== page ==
Chemical Bonds (pp. 29–34) The sharing or transferring of electrons to fill a valence shell results in the formation of chemical bonds. Two or more atoms held together by chemical bonds form a molecule. Any molecule containing atoms of more than one element is called a compound. For example, two hydrogen atoms bonded to an oxygen atom form a molecule of water (H2O), which is a compound.

Nonpolar Covalent Bonds A covalent bond is the sharing of a pair of electrons by two atoms. Two hydrogen atoms bind covalently to form a stable molecule of hydrogen in which both atoms have full valence shells. Atoms such as oxygen that share two pairs of electrons have a double covalent bond with each other. The attraction of an atom for electrons is called its electronegativity. When atoms with similar electronegativities bind, the shared electrons tend to spend an equal amount of time around each nucleus of the pair. Because neither nucleus acts as a “pole” to exert an unequal pull, these are called nonpolar covalent bonds. Carbon atoms have four electrons in their valence shells, so they have an equal tendency to lose or gain four electrons, and form nonpolar covalent bonds with one another and with many other atoms. One result of this feature is that carbon atoms easily form very long chains that constitute the “backbone” of many biologically important molecules. Compounds that contain carbon and hydrogen atoms are called organic compounds.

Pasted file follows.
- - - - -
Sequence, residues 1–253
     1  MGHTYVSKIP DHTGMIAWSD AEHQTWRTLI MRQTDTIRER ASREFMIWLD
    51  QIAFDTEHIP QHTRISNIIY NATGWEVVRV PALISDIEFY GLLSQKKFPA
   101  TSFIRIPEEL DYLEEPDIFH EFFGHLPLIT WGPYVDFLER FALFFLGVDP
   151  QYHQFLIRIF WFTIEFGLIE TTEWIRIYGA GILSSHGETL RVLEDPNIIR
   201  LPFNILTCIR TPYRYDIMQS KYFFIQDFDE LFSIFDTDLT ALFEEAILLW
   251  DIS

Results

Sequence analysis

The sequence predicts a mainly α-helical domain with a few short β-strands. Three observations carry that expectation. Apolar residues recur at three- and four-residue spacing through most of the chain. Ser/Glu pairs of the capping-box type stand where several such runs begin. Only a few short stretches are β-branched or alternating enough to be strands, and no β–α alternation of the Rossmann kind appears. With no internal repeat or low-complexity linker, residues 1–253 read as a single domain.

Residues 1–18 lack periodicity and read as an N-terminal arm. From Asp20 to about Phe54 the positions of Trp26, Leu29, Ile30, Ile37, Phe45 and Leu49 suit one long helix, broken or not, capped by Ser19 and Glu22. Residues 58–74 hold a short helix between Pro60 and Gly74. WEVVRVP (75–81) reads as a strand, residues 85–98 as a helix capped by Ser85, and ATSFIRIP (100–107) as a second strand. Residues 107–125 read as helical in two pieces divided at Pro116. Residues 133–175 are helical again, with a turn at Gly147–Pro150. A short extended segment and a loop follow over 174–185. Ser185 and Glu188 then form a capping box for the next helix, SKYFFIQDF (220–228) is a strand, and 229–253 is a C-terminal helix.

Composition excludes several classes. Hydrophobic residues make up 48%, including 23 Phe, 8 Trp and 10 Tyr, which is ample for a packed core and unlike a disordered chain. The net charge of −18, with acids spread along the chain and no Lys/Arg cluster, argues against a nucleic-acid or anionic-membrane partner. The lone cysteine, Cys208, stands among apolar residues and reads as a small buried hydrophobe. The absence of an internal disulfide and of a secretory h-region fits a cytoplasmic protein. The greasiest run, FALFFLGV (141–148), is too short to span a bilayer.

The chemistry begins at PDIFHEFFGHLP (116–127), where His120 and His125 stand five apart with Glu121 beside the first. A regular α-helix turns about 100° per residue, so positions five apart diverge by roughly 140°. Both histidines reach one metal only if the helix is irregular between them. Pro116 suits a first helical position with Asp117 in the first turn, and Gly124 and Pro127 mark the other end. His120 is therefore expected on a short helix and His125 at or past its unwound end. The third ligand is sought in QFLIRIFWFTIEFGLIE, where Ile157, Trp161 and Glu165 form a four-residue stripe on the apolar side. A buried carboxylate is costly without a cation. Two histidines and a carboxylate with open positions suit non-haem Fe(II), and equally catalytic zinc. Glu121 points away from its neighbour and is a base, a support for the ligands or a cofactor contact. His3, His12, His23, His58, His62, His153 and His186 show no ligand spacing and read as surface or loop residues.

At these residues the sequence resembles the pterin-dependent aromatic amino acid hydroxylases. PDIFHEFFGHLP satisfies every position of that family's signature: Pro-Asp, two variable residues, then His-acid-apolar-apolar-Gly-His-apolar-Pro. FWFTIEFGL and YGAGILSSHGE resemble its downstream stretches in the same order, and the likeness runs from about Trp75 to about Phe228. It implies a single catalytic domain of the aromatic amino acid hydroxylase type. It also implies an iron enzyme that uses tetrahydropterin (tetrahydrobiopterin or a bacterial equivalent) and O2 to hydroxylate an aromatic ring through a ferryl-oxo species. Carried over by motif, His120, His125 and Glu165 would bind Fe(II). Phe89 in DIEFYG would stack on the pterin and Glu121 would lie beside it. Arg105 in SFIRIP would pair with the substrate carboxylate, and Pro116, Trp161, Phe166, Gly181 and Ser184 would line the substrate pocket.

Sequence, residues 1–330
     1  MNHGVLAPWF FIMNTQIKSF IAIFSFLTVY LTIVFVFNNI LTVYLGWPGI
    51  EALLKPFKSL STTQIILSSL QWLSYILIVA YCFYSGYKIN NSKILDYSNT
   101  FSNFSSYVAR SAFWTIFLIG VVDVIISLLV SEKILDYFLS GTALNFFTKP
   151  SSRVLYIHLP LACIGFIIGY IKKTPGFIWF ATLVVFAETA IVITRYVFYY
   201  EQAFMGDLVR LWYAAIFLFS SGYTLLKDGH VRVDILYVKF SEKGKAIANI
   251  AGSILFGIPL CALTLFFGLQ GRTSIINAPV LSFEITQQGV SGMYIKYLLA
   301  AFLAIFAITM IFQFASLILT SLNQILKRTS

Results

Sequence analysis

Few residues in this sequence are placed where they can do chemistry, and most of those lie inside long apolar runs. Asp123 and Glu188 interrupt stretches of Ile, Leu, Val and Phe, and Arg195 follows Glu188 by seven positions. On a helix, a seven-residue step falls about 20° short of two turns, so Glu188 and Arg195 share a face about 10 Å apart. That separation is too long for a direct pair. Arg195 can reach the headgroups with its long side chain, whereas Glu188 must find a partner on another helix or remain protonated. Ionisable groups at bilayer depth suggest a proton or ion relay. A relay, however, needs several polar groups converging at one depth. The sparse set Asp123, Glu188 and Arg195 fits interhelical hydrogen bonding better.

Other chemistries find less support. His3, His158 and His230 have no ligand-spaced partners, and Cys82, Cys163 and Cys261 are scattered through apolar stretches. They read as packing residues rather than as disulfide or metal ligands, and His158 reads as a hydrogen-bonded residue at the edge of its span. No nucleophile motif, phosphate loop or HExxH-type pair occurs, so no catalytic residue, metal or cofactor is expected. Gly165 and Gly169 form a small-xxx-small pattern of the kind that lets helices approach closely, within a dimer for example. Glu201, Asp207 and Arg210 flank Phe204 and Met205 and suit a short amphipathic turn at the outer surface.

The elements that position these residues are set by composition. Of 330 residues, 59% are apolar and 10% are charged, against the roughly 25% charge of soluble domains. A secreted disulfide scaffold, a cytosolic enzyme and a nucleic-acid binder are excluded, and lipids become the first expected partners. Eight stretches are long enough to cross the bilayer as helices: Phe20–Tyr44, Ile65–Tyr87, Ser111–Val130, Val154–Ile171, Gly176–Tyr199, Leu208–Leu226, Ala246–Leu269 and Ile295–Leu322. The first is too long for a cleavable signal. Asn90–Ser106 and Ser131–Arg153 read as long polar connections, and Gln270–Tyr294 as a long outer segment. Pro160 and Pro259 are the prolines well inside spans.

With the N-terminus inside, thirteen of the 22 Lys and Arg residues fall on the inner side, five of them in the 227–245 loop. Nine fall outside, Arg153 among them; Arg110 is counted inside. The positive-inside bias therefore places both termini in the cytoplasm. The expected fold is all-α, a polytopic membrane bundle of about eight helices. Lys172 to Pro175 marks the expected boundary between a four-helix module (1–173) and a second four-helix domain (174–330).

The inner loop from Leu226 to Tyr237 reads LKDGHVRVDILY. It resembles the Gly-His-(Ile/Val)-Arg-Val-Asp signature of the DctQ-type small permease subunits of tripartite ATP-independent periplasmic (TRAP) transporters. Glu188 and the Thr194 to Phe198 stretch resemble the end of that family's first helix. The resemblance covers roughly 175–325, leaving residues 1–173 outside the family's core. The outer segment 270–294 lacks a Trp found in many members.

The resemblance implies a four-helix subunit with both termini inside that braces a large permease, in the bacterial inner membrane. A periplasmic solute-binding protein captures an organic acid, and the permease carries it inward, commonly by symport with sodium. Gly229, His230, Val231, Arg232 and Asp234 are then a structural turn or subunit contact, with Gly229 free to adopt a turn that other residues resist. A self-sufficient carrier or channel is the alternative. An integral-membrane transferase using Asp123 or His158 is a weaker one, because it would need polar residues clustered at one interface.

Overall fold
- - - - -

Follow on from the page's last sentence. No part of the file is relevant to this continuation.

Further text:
Polar Covalent Bonds When atoms with significantly different electronegativities combine, the electron pair will spend more time orbiting the “pole”—that is, the nucleus of the atom with greater electronegativity. Bonds with an unequal sharing of electrons are therefore called polar covalent bonds. A water molecule, for example, has two polar covalent bonds. Although they can form between many different elements, the most biologically important polar covalent bonds are those involving hydrogen because they allow hydrogen bonding.